Department of Electrical and Biomedical Engineering
College of Engineering, University of Nevada Reno
which acquires information regarding a physiological change or the presence
of various chemical or biological species, is a concurrent research area.
In this area, researchers have been looking for bio-detection
technologies with the desired features:
sensitivity, high selectivity, high reliability, real-time and continuous monitoring, portability (in
vitro) or implantability (in vivo), networking, automation, long
lifetime, low power, low cost, or others.
These features would bring
huge impacts on agriculture/industry/medicine/environment/health/military,
but are also actually
challenging many aspects of the bio-detection technologies (e.g. sample
preparation, molecular recognition, and signal transduction).
Positively, the recent progress in biochemistry, biophysics,
materials science, micro/nano science and technology, photonics and so on
are providing a strong impellent to the evolution or revolution of this
In general, several fundamental research questions on bio-detection technologies are: (1) How to efficiently preconcentrate, separate, select, or target the trace of biological analytes from in vitro or in vivo samples? (2) How to develop novel molecular recognition techniques and signal transduction techniques to enhance the bio-detection sensitivity, specificity, response time, reliability, or other characteristics? (3) How to build small-scale devices with portability, implantability, automation, or networking capability? The research goal of our Lab is to address these questions for specific applications.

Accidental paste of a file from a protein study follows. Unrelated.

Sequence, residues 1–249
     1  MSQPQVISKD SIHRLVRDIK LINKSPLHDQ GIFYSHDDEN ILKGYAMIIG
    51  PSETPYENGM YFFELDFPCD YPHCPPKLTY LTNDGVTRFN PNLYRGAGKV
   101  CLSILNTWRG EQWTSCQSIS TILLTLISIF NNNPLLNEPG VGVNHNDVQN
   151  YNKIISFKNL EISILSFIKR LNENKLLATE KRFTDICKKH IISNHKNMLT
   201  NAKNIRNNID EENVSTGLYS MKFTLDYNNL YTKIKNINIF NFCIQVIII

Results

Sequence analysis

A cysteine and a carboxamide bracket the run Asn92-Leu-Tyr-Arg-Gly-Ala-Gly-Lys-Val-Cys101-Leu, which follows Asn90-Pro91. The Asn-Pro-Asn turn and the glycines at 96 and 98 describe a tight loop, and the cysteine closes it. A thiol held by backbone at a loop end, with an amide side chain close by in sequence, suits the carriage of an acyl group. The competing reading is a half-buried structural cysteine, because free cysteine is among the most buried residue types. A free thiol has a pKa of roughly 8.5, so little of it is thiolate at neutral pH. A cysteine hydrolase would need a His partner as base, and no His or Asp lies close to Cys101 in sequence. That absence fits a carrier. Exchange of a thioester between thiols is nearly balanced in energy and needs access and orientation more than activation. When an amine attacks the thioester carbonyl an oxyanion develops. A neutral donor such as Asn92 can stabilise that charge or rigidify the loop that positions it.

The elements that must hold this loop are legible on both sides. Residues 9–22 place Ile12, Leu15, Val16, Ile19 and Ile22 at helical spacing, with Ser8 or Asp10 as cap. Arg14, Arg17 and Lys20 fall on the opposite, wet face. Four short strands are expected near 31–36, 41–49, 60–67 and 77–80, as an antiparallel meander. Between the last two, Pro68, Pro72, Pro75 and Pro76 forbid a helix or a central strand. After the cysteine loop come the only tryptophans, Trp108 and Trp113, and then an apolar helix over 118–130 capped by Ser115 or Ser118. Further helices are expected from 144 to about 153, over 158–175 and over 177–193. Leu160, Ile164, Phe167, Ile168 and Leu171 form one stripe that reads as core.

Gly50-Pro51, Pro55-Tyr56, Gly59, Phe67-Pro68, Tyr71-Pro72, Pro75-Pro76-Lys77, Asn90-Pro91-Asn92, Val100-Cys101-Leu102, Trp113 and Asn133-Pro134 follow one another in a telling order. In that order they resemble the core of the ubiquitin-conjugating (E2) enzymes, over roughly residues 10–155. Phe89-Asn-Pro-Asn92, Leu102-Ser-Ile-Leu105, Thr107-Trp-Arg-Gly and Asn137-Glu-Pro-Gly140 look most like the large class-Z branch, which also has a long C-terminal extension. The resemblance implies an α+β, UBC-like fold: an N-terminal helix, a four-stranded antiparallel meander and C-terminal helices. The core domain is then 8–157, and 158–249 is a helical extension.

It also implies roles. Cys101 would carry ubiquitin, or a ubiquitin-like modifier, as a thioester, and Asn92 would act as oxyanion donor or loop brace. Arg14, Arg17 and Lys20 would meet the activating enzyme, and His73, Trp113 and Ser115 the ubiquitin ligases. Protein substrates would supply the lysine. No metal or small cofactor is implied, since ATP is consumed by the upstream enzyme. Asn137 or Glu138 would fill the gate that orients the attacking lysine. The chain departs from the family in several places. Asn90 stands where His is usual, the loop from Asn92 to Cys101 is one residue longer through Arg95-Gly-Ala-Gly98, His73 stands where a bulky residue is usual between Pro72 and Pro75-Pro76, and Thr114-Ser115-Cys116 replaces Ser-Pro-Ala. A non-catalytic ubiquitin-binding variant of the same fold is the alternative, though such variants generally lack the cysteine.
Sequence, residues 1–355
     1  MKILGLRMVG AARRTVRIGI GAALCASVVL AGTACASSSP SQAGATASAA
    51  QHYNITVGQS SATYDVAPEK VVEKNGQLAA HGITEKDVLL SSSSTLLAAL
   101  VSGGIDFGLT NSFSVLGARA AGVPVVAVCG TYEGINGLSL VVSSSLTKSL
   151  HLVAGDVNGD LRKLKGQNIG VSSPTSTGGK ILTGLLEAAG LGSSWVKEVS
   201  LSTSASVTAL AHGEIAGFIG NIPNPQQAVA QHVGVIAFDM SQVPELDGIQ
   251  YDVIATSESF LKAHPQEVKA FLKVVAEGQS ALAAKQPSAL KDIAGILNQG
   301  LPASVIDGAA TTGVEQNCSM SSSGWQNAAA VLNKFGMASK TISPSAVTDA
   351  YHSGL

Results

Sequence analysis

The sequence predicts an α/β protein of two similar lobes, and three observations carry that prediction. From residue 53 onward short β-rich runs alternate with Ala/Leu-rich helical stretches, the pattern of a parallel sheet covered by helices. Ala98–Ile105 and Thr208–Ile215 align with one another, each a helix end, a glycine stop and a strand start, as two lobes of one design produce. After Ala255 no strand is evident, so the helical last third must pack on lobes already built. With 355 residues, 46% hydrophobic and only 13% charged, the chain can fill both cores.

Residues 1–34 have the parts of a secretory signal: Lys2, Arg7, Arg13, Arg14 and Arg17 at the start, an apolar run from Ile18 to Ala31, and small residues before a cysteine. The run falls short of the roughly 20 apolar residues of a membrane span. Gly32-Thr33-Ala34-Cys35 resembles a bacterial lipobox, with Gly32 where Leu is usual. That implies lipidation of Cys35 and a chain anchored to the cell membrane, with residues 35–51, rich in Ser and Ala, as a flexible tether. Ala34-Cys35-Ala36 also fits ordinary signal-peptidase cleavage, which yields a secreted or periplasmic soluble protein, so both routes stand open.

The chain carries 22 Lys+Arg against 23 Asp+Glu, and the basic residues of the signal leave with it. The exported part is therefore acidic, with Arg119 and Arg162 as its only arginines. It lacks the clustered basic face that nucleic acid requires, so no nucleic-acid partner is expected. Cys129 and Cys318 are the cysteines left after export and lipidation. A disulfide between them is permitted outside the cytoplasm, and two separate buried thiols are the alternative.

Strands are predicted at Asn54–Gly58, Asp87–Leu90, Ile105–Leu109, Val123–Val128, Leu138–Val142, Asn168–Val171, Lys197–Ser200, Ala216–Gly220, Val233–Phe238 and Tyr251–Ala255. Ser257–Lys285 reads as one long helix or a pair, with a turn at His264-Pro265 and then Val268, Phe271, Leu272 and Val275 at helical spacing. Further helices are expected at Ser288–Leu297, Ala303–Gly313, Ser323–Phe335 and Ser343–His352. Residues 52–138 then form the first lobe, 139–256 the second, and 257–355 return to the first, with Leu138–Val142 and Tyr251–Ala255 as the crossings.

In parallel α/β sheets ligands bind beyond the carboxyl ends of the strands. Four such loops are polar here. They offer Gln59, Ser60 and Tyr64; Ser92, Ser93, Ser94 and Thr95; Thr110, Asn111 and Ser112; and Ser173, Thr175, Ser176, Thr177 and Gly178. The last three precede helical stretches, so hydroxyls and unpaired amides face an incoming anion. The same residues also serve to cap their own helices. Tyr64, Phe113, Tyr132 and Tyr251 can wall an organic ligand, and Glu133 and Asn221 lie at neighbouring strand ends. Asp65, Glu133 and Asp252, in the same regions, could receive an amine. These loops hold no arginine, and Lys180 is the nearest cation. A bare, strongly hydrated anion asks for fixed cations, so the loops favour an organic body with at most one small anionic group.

Current Lab Research Foci:
New chemical/physical properties of materials and their applications in bio-detection
Engineered composite biomaterials for disease diagnosis (imaging guided)
Integrated sensor systems using bioMEMS technologies
Development, evaluation, and application of biosensors for environmental analysis, food safety, medicine, etc.
* The Lab is looking for a highly motivated graduate student to start in the Fall 2015 as research assistant.